3.5 Types of Cyberbullying

Cyberbullying has many forms and can include a variety of acts. It can be sending a mean text message, making online threats, sending unwanted provocative photos, posting insults or hate speech, attempting to infect the target’s computer with a virus, flooding an e-mail inbox with messagesor sending harmful material and any other form of social aggression using the Internet or other digital technologies. Some of the most common cyberbullying tactics are briefly described below.

Cyberstalking: a bully repeatedly and intensively harasses, denigrates or threatens the target, enough to create fear. When Annie broke up with Sam, he sent her many angry, threatening, pleading messages. He spread nasty rumors about her to her friends and posted a sexually suggestive picture she had given him in a sex-oriented discussion group, along with her e-mail address and cell phone number.

Cyberthreats: a bully makes threatening remarks on the internet or implies violent behaviour. It can also be threatening with suicide. Greg set up an anonymous IM account and sent a threatening message to his older sister suggesting that she would be killed the next day at school.

Denigration: a bully starts rumours about a person to damage their reputation. “Dissing” someone online. Some boys created a “We Hate Joe” Web site where they posted jokes, cartoons, gossip, and rumors, all dissing Joe.

Exclusion: a group of bullies excludes someone from online conversations, groups or from events shared online to hurt their feelings. Millie tries hard to fit in with a group of girls at school. She recently got on the “outs” with a leader in this group. Now Millie has been blocked from the friendship links of all of the girls.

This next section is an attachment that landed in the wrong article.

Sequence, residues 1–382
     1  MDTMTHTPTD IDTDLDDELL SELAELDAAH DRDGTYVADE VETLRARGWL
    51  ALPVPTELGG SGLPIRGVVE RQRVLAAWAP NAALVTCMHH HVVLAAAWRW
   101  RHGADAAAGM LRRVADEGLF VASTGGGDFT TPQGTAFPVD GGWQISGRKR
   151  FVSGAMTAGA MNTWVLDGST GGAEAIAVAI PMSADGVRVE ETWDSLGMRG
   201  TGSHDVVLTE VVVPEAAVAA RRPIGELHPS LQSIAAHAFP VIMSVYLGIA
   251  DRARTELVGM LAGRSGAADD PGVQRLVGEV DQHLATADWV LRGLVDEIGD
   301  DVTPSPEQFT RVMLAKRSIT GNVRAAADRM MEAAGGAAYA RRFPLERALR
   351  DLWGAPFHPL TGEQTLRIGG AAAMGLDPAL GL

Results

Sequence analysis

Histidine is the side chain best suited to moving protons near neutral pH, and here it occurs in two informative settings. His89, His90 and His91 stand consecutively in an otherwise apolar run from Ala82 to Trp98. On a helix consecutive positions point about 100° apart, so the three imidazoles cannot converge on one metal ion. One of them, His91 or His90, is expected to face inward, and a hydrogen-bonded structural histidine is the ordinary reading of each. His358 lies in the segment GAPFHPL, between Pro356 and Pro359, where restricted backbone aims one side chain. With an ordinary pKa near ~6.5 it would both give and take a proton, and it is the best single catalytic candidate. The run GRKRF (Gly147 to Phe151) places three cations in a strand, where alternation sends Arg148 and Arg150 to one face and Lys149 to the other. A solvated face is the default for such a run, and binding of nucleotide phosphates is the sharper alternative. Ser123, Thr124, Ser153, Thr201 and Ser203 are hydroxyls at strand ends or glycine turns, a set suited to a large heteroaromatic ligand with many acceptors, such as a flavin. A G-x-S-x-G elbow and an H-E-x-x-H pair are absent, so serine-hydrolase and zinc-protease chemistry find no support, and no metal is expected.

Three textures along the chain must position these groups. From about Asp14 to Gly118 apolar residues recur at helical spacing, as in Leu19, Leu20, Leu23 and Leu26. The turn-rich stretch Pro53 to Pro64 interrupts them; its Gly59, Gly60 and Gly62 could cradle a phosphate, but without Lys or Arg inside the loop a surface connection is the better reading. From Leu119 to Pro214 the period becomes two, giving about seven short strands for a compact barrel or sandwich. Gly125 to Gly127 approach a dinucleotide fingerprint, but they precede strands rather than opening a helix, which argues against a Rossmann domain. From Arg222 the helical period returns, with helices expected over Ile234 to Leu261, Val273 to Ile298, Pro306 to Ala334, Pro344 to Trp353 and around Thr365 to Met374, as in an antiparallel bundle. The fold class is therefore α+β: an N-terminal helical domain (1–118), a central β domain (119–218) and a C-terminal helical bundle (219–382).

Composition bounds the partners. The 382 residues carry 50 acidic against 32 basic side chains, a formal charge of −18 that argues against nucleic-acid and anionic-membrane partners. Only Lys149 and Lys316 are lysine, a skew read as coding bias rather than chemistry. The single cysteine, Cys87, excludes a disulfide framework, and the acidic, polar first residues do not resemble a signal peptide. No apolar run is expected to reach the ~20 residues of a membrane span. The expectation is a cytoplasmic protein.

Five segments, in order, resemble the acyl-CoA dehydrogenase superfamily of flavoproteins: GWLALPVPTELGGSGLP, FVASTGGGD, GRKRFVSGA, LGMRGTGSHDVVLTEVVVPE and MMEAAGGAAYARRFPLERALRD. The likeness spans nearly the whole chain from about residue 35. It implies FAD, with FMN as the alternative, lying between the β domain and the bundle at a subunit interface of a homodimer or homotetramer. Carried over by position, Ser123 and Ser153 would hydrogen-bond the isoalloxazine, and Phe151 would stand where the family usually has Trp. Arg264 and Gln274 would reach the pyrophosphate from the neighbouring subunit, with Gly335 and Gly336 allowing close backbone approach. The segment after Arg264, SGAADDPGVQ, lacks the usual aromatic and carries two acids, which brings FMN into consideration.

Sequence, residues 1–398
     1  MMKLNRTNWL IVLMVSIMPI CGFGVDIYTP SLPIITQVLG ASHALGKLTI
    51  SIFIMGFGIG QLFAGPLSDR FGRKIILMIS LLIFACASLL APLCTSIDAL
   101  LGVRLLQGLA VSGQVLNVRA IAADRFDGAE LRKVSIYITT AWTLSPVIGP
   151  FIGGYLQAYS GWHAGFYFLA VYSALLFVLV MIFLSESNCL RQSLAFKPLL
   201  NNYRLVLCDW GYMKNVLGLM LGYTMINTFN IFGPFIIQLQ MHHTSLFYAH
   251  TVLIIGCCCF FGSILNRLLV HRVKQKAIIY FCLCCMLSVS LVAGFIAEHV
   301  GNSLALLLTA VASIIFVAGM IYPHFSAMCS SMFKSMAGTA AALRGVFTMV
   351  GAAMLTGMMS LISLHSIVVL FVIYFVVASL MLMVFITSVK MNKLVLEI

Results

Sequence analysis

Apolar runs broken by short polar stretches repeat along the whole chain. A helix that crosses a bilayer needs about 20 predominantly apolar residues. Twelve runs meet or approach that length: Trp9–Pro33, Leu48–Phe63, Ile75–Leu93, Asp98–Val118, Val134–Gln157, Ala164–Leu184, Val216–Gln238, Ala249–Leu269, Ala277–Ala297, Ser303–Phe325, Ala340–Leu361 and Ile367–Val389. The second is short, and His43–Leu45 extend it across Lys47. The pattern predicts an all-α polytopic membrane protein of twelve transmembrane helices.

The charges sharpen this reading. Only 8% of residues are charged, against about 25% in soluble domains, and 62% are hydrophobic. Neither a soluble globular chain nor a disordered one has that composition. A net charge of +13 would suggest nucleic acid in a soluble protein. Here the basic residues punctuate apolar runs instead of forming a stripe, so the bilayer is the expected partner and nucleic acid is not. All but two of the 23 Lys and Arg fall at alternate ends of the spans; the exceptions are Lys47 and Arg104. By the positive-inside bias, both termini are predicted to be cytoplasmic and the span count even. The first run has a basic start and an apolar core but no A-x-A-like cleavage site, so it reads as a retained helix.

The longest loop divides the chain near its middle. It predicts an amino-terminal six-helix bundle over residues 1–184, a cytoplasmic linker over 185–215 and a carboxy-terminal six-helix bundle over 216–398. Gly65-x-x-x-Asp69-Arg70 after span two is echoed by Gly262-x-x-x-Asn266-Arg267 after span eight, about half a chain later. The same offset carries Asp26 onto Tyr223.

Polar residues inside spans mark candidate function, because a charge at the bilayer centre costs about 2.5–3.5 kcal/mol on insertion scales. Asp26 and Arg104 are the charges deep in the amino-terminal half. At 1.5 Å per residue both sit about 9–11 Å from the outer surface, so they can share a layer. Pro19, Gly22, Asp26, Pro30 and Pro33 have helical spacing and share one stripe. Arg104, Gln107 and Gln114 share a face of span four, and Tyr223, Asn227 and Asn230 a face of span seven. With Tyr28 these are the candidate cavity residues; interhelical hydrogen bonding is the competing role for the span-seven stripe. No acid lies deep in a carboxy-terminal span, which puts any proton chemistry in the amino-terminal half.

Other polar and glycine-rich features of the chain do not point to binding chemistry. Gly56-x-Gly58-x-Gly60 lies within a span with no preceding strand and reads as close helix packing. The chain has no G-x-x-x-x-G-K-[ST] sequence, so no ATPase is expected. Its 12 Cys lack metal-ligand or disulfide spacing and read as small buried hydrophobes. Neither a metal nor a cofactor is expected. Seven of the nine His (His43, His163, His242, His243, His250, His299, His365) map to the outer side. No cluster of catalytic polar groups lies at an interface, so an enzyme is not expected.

Flaming: a bully starts or fuels online fights exchanged through emails, instant messages, chat rooms or comments. There is often harsh language directed towards a specific person. Joe and Alec’s online exchange got angrier and angrier. Insults were flying. Joe warned Alec to watch his back in school the next day.

Harassment: a bully repeatedly sends or posts mean, hurtful or insulting messages or comments. Sara reported to the principal that Kayla was bullying another student. When Sara got home, she had 35 angry messages in her e-mail box. The anonymous cruel messages kept coming—some from complete strangers.

Masquerading/impersonation: a bully creates a fake identity to harass someone anonymously or impersonating somebody else to him send malicious messages or post material to get that person in trouble or danger or to damage that person’s reputation or friendships. Laura watched closely as Emma logged on to her account and discovered her password. Later, Laura logged on to Emma’s account and sent a hurtful message to Emma’s boyfriend, Adam.

Outing: a bully shares someone’s secrets or embarrassing photos online. Greg, an obese high school student, was changing in the locker room after gym class. Matt took a picture of him with his cell phone camera. Within seconds, the picture was flying around the phones at school.

Trickery: a bully tricks someone to share private information or photos with them and then shares this online. Katie sent a message to Jessica pretending to be her friend and asking lots of questions. Jessica responded, sharing really personal information. Katie forwarded the message to lots of other people with her own comment, “Jessica is a loser.”

Of course, this is just one way of classifying cyberbullying. You might find another model that helps you and the young people you are working with even better. But it is always useful to have some language and tools to think and talk about a problem. Take a look at some real life examples below and think about them. Can you identify types of cyberbullying in the following examples? What would you do if you came across one of these messages in real life? How could you talk to a sender of these messages? How could you talk to the recipient?



Nancy Willard, M.S., J.D., Educator’s Guide to Cyberbullying and Cyberthreats Center for Safe and Responsible Use of the Internet